Faron Pharma right in middle of fight against cancer and coronavirus

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What it does

Faron Pharmaceuticals Oy (LON:FARN)(NASDAQFIRSTNORTH:FARON) is a Finnish drug discovery firm focusing on two programmes: Clevengen and Traumakine.


Immunotherapy treatment Clevegen is in a phase I/II trial (MATINS) for metastatic cutaneous melanoma as well as hepatobiliary/hepatocellular, pancreatic, ovarian and colorectal cancers.

Tumour cells are adept at creating a shield around themselves to evade detection by the immune system, therefore staving off destruction.

Clevegen has been designed to recognise cancer and break the tumour’s protective shell.

The treatment is an anti-Clever-1 antibody which causes changes in the immune environment of solid tumours by switching Clever-1 positive immune suppressive macrophages to immune active macrophages.

Ultimately, if it is successful, this new breed of treatment will be used in combination with PD-1 inhibitors to tackle the killer disease.

Faron was also given the green light to broaden the scope of its phase I/II cancer trial after a review of the interim data.

The MATINS study of the immunotherapy Clevegen will now take in seven further strains of the disease besides the two already assessed – colorectal and ovarian.

In June it confirmed the generic name, bexmarilimab.



Traumakine has been rejuvenated following the disappointment over its phase III trial result.

As a treatment for lung inflammation condition ARDS its missed its target with no benefit against the placebo.

However, since then Faron has identified that it was steroids used alongside the drug that led to the unexpected result.

Traumakine is an interferon-beta that helps to stop lung inflammation and has come to the fore as a way potentially to help severe coronavirus sufferers.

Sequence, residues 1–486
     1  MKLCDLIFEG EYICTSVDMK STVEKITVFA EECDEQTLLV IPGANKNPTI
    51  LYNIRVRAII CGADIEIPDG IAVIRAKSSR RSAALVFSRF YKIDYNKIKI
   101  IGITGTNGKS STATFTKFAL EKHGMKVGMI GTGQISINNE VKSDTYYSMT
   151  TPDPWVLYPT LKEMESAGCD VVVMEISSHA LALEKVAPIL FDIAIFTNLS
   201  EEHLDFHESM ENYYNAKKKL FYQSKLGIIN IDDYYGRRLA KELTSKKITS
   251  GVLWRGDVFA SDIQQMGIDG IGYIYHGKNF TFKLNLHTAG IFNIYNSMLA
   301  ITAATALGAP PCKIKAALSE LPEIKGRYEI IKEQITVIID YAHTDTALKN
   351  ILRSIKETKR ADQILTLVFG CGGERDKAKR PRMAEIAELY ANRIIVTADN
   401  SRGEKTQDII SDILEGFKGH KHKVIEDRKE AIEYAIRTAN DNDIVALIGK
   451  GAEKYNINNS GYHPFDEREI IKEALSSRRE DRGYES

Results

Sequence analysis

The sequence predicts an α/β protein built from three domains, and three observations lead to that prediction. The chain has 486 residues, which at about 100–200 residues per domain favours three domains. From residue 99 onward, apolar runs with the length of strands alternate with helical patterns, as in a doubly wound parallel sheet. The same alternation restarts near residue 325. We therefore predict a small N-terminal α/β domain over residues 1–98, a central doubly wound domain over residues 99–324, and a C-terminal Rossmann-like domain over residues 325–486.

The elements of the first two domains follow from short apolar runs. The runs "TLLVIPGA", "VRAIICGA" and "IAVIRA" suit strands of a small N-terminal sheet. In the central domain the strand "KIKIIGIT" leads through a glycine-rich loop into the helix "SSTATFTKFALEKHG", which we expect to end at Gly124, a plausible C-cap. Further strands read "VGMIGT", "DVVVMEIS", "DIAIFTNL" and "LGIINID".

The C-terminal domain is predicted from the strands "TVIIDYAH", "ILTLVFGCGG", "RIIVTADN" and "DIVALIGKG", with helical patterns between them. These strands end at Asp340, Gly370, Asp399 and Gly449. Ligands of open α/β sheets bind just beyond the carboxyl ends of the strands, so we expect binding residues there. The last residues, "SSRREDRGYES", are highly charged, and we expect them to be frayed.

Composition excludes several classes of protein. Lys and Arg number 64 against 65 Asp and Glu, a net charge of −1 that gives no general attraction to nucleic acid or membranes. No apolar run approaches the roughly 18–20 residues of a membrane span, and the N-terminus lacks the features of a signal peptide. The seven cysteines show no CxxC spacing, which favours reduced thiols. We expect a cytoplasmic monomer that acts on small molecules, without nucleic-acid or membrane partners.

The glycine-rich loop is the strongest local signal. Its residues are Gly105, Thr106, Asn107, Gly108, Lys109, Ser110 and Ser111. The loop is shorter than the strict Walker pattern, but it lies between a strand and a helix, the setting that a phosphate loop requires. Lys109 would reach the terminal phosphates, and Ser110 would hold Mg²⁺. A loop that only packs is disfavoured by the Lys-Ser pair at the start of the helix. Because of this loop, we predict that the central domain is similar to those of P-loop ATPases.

The latest development has seen Traumakine admitted to a large-scale global programme (REMAP-CAP) that will assess its potential in treating severe pneumonia, including patients with coronavirus (COVID-19).

Faron said its interferon beta-1 formulation will be delivered intravenously, which the company reckons offers the best “delivery route” for critically ill patients.

It will also be compared in the study with other treatments, including hydrocortisone medications. These steroid-based interventions, used in patients in respiratory distress, were seen as the potential root cause of a failed Faron phase III study of Traumakine.

It was also added to the HIBISCUS ( Human Interferon Beta In Severe CoronavirUS) trial will focus on intensive care patients with ARDS caused by viral infection such as coronavirus and influenza.

The phase II/III pivotal, randomised, placebo controlled study aims to recruit 350 patients over six to eight months throughout the US with “many significant hospitals participating”.


How it is doing

In October, Faron said it was disappointed by results from a study that showed little impact from interferon Beta-1a injected under the skin in halting coronavirus-related deaths.

The World Health Organisation’s (WHO) Solidarity trial compared 1412 patients who received IFN beta-1a and 2050 control subjects not receiving IFN beta-1a.

The results show that subcutaneous interferon (IFN) beta-1a was found to be safe, but ineffective to reduce overall mortality in hospitalised patients with COVID-19.

Faron’s IFN Beta-1a candidate Traumakine was part of the Solidarity trial, but the company said it only became available very late in the observation period and its understanding was that it had seldom been used.

Meanwhile, cancer drug development Clevegen is also making good progress through phase I/II of the ongoing MATINS trial.

This trial was recently expanded to ten types of the disease, though the next part will focus on four types – colorectal, ovarian, cutaneous melanoma and uveal melanoma.


What the boss says: Markku Jalkanen, chief executive

“These first results from the Solidarity Trial are disappointing, given the need for new therapeutics to support the global response to COVID-19.”

“They do support our long-held view that IFN beta-1a is likely to be ineffective when given subcutaneously.”

“The science behind Traumakine and its potential to prevent multi-organ failure, through the upregulation of the key endothelial enzyme CD73, is compelling.”

“We continue to believe that an intravenous formulation of IFN beta-1a is what patients need, to strengthen the body’s own IFN beta signalling – the first line of defence against viral infection – and provide optimal exposure to the lung vasculature.” 

“Compared to subcutaneous IFN beta-1a, the same amount of intravenous IFN beta-1a achieves over 150x higher peak concentration in the lung vasculature without higher systemic exposure, which we believe makes this method of administration highly effective and safe… We will continue to pursue the science behind this.”

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